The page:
it doesn't actually allow you to play faster


+1

Practicing allows you to play faster.
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#15
Don't copy the fat pie faced drama ***** who does more poses than playboy models.

It's stupid, instead of bends you push the note in, and this shizit people are talking about doesn't even make sense. Fret wire is fret wire, it's like having jumbo frets you finger doesn't hit the wood. It can cause intonation problem with chords if you play too hard.
#16
Quote by nan0
Don't copy the fat pie faced drama ***** who does more poses than playboy models.

It's stupid, instead of bends you push the note in, and this shizit people are talking about doesn't even make sense. Fret wire is fret wire, it's like having jumbo frets you finger doesn't hit the wood. It can cause intonation problem with chords if you play too hard.


lol wut?
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#17
Quote by MESAexplorer
Not to mention Yngwie IMO has one of the best lead guitar tones I've heard. It's just straight tone, no excessive reverb, gain, delay or BS, it's all fingers, fender and marshall.

IMO, when I scalloped the fretboards on my Washburn 7 and fender, I didn't feel much difference really. If you're playing correctly (finesse and relaxation) scalloping only allows you to bend easier, not much though. It basically gives medium or small fret guitars that Xjumbo fret feel.

...which is a big part of I'll never scallop. I can't run bigger than jumbo, I favor mediums but they're hard to find on a guitar these days... so I settle for medium-jumbo.
Lemon nailed it, though he failed to mention that it makes chording VERY difficult, especially barre chords due to the force involved, which means you're likely to press too hard. It's really easy to bend chord tones out of tune, less so with single notes. I quote Blackmore and my own experience with a scalloped fretboard (not mine, obviously, but still). That's why some people only scallop the high frets, usually 12th or 17th on up. I think Laiho's signature is scalloped from the 20th fret up. Gives you the scalloped feel for solos but doesn't mess you up on chords.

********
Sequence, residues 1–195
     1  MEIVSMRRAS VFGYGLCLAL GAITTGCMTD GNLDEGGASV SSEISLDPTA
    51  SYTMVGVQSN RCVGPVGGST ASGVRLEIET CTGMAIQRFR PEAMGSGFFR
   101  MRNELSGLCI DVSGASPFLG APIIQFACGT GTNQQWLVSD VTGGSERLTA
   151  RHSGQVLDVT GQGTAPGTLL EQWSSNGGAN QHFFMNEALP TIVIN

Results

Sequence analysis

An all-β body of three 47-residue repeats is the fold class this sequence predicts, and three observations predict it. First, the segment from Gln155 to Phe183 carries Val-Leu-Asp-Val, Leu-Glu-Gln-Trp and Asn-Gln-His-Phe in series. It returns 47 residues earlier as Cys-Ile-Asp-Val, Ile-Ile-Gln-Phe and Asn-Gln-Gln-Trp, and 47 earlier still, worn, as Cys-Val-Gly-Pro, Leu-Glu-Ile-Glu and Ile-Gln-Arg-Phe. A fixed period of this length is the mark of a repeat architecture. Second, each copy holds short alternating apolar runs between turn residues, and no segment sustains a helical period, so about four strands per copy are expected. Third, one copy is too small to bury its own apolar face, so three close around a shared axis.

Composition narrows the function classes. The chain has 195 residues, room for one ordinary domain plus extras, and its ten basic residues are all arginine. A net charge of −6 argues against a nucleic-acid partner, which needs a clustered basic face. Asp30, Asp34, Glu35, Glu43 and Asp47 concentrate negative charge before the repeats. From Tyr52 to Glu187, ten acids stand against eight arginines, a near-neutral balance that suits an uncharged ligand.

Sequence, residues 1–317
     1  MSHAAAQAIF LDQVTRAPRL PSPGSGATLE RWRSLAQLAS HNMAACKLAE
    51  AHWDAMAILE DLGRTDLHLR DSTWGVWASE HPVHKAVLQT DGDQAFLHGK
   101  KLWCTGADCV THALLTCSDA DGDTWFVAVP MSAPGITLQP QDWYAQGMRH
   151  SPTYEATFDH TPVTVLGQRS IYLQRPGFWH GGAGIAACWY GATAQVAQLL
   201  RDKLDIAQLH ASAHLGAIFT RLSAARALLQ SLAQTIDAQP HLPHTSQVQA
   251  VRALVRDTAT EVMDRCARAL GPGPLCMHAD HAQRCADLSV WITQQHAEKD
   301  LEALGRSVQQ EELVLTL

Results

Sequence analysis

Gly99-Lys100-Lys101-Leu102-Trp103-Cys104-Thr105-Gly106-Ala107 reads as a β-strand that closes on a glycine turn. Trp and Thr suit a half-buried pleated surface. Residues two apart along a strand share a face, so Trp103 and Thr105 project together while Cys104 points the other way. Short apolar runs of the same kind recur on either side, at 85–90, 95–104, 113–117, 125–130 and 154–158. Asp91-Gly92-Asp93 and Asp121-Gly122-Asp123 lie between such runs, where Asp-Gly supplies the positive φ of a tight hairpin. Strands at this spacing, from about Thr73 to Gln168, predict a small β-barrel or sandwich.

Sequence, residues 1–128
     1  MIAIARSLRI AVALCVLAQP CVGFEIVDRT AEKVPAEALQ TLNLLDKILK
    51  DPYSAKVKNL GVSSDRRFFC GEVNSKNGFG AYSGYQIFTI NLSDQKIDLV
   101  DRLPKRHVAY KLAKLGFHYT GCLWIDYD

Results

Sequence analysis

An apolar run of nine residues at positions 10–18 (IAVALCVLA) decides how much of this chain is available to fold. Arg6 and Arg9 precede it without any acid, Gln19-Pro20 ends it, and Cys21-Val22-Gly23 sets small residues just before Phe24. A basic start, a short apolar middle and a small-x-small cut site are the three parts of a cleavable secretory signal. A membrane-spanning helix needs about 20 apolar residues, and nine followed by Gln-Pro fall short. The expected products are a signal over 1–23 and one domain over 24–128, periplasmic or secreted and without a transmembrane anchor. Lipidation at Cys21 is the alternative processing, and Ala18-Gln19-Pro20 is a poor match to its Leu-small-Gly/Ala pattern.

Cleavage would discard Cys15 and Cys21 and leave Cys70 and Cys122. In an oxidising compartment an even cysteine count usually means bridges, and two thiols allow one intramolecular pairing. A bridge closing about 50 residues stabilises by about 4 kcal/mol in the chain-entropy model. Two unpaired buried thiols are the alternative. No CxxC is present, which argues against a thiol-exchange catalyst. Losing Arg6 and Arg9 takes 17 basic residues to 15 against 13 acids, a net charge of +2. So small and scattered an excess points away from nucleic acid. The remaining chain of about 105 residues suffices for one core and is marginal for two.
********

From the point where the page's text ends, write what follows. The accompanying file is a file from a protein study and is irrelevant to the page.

Last edited by Nightfyre at Sep 10, 2008,
#18
Quote by Nightfyre
...which is a big part of I'll never scallop. I can't run bigger than jumbo, I favor mediums but they're hard to find on a guitar these days... so I settle for medium-jumbo.
Lemon nailed it, though he failed to mention that it makes chording VERY difficult, especially barre chords. It's really easy to bend chord tones out of tune, slightly less so with single notes. I quote Blackmore and my own experience with a scalloped fretboard (not mine, obviously, but still). That's why some people only scallop the high frets, usually 12th or 17th on up. I think Laiho's signature is scalloped from the 20th fret up. Gives you the scalloped feel for solos but doesn't mess you up on chords.


I had my fender fully scalloped. I like the feel, chording does feel a bit on the akward side. Mostly when you're trying to throw a few hammer ons or pull offs between changes. Didn't have so much trouble bending notes out of tune, probably because it's strung up with 11's. My washburn though, it's scalloped from the 7th fret and up, thats where you really don't do too much chording, and still then, there isn't enough space between the frets to really mess anything up.
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#19
Scalloping isn't for everyone, just be aware your guitar will be hard to sell afterwards as less guitarists are into it. Again, using a bolt-on neck configuration like a Strat can at least allow you to go back should you not like it.
Moving on.....